Don't think we've forgotten about the leather! A hand-crafted bag like this messenger bag/backpack combination DIY is what a Leo might be looking for! Multi-styled accessories like this are hard to come by, just like true friends!

    For some Other Inspirations, check out this Mood Trend Report: Trend Report: Satin Draping

    .

    Sagittarius: Guipure Lace, a extroverted, and enthusiastic!

    A wandering soul with a heart for exploring, Sagittarius signs enjoy their freedom! This sign is very extroverted and loves engaging with people and the outside world, and being dressed for it is important! Things like statement pieces and conversation starters are perfect for this sign. Other great pieces are ornate fabrics for going out to socialize, like guipure lace! With scalloped edges and geometric designs, these intricate fabrics are gorgeous and stand out in a crowd. This complex design will reflect this sign's complex and interesting personality! Take a look at our latest stock of  guipure lace fabrics here! Consider trying this Lace Kimono DIY for a quick and easy garment that looks beautiful and stunning!

    And to mix it up a bit, try dressing up a simple shirt or dress collar with a hand-made removable collar! These are a lovely way to play up your look without making any permanent alterations to your clothing--no strings attached!

    For some Other Inspirations, check out this Mood Trend Report: Trend Report: Abstract Prints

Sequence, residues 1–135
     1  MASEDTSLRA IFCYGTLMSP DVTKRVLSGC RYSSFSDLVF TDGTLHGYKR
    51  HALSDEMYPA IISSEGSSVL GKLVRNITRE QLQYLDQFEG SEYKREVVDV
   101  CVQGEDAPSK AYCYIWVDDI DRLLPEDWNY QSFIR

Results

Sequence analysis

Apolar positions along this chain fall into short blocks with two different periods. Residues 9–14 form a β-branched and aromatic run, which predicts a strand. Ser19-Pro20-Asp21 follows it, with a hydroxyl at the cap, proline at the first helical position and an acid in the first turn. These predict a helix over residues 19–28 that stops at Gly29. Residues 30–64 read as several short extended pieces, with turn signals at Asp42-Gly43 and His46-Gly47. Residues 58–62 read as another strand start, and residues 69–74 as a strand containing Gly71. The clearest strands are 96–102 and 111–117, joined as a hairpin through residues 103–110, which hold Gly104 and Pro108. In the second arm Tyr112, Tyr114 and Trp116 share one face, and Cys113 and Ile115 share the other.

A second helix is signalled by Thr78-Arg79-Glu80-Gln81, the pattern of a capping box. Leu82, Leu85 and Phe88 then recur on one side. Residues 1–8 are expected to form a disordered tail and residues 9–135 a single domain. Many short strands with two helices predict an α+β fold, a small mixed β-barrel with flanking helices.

.

    Capricorn: Cotton prints, honest, and rational!

    Capricorn signs are wonderful people who should be valued for their directness and honesty! Interacting with people like this is easy, because you never have to second guess what they're thinking--they'll tell you themselves! Their presence can be comforting in that way, and they'll always help in the most rational way they can see themselves. Their truthful efforts make them responsible and capable people, and their self-control is admirable. A fabric like cotton--tried, traditional, and true--is a perfect fit for this sign! Sport a cotton print to add a little style without having to put in too much extra effort (though they'll appreciate the extra effort, too!). Take a look at our latest stock of cotton prints fabrics here! Consider this plaid flannel shirt DIY to make for yourself or someone you know! Flannel and cotton shirts are pieces that can look incredible when their corners are crisp and their designs are sleek. Take the time to carefully put together a shirt like this, and this sign will be thoroughly impressed to hear you made it yourself!

    While a bolder print may not be your thing, changing up your style or combining it with one that your comfortable with can be refreshing! Try making yourself a pair of these custom fit leggings for a chic and comfortable style!

    For some Other Inspirations, check out this Mood Trend Report: Trend Report: NYFW Fall Forecast | Spring 2017 .

    Aquarius: Silk Charmeuse, innovative, and elegant!